School Guide

Nexus Principal David Griffiths on Technology’s Influence in Education

Published by SchoolAdvisor | Dec 17, 2021

The most significant outcome of a technology-enabling international school is for the students to apply what they have learned to give back to society in numerous ways. Find out how Nexus handles technology integration in learning and how students use what they have learned tangibly and make it accessible to everyone.

Nexus International School’s Principal, Mr David Griffiths, is a veteran in the education industry. With 30 years of accumulated experience, his vision and mission are to use technology when there is a positive impact on improving learning.

In the second part of School Advisor’s interview with Mr Griffiths, he shares his thoughts on the role of technology in education at Nexus and how the students feel empowered to make an impact in the community using technology.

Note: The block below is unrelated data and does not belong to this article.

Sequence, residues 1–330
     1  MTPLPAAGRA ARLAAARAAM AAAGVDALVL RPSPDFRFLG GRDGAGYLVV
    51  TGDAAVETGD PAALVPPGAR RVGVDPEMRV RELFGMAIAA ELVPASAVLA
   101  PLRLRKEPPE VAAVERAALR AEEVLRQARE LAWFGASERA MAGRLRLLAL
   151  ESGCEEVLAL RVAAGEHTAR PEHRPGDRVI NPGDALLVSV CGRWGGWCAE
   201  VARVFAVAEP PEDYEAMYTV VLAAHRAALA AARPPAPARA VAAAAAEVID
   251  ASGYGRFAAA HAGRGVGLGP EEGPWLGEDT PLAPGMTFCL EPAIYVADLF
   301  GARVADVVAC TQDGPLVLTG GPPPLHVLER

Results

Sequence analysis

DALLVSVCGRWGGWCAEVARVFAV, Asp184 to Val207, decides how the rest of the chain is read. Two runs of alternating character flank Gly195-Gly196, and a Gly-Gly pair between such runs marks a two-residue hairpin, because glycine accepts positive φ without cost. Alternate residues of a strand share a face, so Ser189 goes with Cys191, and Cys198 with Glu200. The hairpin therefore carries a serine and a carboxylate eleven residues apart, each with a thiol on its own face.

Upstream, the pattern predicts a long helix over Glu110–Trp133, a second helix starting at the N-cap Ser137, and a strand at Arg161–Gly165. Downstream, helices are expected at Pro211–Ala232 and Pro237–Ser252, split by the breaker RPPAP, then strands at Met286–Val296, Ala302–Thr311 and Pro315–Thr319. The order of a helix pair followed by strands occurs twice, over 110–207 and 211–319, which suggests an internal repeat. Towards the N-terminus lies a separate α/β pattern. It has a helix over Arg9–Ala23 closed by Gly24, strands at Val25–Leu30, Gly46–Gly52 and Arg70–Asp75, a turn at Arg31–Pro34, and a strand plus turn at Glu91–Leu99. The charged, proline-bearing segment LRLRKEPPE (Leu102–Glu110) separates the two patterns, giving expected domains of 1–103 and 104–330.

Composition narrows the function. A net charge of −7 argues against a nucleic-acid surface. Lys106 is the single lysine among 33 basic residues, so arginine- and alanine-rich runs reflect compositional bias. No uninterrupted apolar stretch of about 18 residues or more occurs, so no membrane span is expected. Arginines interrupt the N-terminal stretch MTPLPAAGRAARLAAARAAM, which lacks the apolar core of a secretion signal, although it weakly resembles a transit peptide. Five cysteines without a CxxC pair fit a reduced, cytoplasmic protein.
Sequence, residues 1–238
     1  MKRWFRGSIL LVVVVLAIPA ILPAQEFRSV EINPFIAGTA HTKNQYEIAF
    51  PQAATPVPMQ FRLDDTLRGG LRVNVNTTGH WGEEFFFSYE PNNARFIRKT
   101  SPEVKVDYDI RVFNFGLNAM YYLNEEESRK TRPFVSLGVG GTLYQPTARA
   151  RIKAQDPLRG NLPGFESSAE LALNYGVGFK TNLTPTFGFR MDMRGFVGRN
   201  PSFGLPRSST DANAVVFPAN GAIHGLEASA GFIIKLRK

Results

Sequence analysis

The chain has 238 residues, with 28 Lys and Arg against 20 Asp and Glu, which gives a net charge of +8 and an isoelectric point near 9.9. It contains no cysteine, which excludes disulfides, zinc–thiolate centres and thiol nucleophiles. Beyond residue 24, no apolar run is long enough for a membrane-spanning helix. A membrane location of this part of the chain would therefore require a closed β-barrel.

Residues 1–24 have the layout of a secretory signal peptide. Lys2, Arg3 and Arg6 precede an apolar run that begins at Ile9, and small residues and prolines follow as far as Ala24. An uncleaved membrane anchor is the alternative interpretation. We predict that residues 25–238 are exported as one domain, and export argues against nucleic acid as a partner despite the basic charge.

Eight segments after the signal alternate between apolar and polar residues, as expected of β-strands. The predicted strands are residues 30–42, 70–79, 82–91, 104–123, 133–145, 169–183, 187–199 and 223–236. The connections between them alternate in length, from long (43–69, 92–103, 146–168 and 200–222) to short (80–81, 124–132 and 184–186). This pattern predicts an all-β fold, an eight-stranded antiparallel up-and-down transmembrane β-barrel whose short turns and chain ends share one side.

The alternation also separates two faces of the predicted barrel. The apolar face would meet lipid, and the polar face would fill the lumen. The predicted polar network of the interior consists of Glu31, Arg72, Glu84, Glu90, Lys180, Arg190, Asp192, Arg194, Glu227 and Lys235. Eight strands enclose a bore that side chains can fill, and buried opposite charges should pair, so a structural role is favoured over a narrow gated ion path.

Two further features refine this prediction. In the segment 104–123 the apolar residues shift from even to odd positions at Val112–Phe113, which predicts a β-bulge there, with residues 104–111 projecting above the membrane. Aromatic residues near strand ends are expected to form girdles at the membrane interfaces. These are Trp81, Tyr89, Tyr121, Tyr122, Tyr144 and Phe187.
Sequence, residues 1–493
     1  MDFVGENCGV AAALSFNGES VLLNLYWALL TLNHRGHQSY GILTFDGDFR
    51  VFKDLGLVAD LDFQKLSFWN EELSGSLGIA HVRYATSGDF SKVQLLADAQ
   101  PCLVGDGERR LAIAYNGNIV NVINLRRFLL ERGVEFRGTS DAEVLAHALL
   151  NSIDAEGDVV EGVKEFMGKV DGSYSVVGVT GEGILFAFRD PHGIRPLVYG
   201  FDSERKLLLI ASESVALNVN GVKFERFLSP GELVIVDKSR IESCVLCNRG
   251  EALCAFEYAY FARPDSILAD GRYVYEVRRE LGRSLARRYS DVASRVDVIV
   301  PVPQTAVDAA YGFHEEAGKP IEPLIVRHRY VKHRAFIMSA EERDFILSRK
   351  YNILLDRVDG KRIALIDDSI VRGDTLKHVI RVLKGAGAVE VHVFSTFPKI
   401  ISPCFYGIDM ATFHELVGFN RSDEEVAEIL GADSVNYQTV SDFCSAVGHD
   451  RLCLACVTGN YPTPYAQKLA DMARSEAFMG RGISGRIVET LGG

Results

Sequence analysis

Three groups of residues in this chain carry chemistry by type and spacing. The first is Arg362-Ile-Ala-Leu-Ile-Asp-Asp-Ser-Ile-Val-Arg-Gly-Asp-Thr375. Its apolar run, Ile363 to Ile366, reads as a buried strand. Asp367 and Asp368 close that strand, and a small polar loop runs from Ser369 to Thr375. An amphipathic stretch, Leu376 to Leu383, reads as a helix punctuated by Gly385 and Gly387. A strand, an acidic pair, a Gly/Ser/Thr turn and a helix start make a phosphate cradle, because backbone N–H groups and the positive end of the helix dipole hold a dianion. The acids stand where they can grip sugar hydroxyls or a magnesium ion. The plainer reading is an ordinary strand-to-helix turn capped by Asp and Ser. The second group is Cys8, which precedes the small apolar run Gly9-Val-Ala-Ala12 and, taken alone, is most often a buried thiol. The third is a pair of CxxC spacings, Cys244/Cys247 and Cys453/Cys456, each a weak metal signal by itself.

To learn more about Mr Griffiths, his outlook on education and his role at Nexus, head to the first part of this article.

A technology-enabling international school

Technology has played a significant role in the classrooms at Nexus, and it has helped teachers make learning an exciting and positive experience for their learners. The school had seen learners quickly adapting to online learning when the pandemic first struck the country. Mr Griffiths noted that the many innovative teaching methods established through Nexus’ ‘Continuation of Learning’ programme had helped make learning online feel similar to but not the same as learning in the classroom.

Nexus Technology enabled learningThe adoption of technology in learning at Nexus has created students who are capable to adapt to the rapid changes of the 21st century.